Hi, my name is Mike… and I love using Desmos with students.
This is not a bad thing at all. I’m not giving up time with my family to spend on Desmos. It’s just that whenever I think I’ve exhausted all of the ways to use this fantastic tool with students, the Desmos team adds a new activity or game that I can and want to use right away! These people know how to keep us wanting more!
Now, for all of you teachers out there that haven’t engaged your students in this amazing math tool, let me move from a user to a pusher. 4 reasons why you should use this amazing tool with your students:
- It’s completely free! (not just this first time – all the time)
- It’s a graphing calculator that works beautifully online or as an app for students to Model with Mathematics – SMP 4.
This is a screenshot of how my son, Connor, used the Desmos Calculator to make sense of transforming quadratic functions.
3. When you sign up as a teacher (again, for free) you can assign activities and games (yep, they’re all free to use, too) to your students and you can check their progress from your teacher page.
So, beyond the graphing calculator – which is amazing on its own – as a teacher you can assign an activity to your students based on the content they are investigating. Try Central Park – it’s my favorite activity. (If you like, you can go to the student page and type in the code qqbm. I set this up for anyone reading this post. Feel free to use an alias if you like).
And as far as games go, check out Polygraphs. It’s like the Guess Who? game for math class. Trust me, your students will love it and there are polygraphs for elementary as well as secondary. The polygraphs are all partner games, so students will need to work in pairs. I’ve even made a few:
4. As you get sucked in to this tool, you may begin to think to yourself, “Boy, I really wish there was an activity for ______. If only knew how to create an activity for my students to use on Desmos.” That’s taken care of, too, with Activity Builder and Custom Polygraph (and, yep, you guessed it – they’re free to use, too)
And before you begin to doubt whether you can create an online activity or polygraph, the Desmos team has already taken steps to make this extremely teacher friendly. Before you know it, you’ll have your own Desmos activity published!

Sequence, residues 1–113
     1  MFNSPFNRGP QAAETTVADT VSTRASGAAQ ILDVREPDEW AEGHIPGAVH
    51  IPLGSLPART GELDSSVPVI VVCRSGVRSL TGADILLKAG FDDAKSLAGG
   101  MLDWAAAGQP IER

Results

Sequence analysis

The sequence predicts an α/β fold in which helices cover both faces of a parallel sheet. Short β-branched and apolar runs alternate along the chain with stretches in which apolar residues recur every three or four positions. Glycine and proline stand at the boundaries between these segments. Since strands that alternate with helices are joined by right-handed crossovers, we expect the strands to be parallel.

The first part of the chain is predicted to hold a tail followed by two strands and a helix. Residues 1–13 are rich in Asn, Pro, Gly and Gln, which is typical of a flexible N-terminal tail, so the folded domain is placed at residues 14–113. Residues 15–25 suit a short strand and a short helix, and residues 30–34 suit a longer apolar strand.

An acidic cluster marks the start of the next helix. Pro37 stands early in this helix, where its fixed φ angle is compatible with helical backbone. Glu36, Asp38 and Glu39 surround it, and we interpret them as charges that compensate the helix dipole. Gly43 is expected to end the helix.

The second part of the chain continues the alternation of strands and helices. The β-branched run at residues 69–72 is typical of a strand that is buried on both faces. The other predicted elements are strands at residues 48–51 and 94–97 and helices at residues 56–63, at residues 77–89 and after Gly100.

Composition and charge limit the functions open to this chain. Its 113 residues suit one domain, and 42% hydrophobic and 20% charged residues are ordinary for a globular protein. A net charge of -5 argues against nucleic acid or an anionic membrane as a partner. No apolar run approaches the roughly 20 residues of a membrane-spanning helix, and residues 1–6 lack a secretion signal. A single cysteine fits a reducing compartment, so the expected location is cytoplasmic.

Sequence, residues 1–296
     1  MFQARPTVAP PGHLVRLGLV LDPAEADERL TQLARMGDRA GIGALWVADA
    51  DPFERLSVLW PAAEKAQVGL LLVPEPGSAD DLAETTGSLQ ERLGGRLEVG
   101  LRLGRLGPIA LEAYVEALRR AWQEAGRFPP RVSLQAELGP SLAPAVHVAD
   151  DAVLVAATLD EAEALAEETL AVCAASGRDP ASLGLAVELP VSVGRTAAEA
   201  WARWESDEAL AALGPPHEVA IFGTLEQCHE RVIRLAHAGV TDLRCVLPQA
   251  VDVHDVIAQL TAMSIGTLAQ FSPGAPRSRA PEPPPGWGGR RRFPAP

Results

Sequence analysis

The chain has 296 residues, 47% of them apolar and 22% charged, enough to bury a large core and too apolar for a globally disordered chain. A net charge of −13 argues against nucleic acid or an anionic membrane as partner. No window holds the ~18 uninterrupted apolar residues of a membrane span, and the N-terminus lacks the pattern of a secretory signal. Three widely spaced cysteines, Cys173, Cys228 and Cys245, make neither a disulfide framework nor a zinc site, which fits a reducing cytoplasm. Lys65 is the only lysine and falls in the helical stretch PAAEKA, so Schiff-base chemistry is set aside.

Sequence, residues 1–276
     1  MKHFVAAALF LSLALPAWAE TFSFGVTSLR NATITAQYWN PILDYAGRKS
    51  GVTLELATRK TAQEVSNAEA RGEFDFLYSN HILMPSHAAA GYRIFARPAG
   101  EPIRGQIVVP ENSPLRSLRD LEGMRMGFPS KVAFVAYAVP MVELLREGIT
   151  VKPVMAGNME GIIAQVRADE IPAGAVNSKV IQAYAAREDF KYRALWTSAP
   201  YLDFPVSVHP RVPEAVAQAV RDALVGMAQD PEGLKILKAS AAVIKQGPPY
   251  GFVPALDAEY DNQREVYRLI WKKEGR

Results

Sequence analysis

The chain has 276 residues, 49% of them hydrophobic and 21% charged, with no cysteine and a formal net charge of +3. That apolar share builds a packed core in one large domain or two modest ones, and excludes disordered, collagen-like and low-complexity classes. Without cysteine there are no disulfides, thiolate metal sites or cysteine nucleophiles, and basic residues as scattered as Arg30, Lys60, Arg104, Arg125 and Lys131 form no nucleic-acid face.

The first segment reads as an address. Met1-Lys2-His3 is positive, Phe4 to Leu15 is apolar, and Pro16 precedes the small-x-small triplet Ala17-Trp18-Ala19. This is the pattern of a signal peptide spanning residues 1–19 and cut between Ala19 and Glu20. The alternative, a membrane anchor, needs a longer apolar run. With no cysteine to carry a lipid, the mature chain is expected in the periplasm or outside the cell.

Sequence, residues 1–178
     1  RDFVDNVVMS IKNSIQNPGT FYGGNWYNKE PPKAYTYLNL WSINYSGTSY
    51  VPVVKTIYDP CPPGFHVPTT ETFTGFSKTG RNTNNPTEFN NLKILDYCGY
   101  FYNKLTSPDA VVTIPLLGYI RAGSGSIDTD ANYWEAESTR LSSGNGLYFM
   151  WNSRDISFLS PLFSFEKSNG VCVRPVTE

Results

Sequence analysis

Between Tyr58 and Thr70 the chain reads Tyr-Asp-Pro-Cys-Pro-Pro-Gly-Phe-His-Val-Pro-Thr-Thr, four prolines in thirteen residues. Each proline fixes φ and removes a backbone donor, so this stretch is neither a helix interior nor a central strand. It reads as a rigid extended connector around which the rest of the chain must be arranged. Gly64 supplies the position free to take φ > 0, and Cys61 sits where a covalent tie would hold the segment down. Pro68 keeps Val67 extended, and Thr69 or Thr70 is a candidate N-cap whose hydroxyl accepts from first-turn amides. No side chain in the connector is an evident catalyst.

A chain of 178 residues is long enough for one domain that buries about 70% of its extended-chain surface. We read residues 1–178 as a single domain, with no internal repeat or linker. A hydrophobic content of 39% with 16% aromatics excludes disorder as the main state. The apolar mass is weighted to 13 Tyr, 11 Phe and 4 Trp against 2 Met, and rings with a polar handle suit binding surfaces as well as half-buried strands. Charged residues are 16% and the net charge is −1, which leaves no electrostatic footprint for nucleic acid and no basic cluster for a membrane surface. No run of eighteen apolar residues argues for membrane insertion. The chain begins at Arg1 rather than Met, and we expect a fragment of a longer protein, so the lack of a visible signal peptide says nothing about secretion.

Finally, as a great end of year gift, Dan Meyer blogged about the latest from Desmos – Marbleslides. If this doesn’t get you to use Desmos with your students. . . well, I’m sure they will think of something else, soon. But seriously, try this out. I have re-learned and deepened my own understandings of mathematics by trying and reflecting on many of these activities and games, and then having my own kids do them (and then they ask me why their teachers aren’t using them – “Can you talk to them, Dad?”). The conversations will be happening this semester for sure!
But the best part about all of this is that students get to use the calculator to investigate graphs and compare graphs and equations/functions. They get to notice and wonder about what matters and what changes a graph’s slope, and y-intercept for linear functions and what changes the vertex and roots of parabolas. They get to investigate periodics and exponentials and rationals and so much more. They get to engage in activities and games that have components that ask them to reflect on what they’ve learned in the games and activities themselves. The students are doing the mathematics.
Then, in class, we get engage students in talking about the math they’ve investigated! How sweet is that?
You see, as great as Desmos is, it can’t take the place of great teaching. It’s a tool that can help us become better at our craft and help our students gain a deeper understanding of mathematics! Sounds like a win-win!
So, I guess I don’t have a Desmos math addiction. Addictions have adverse consequences and I see none of that here! I just have – as we all do thanks to Desmos – access to a powerful mathematical learning tool! Thank you Desmos. I can’t wait to see what’s coming next!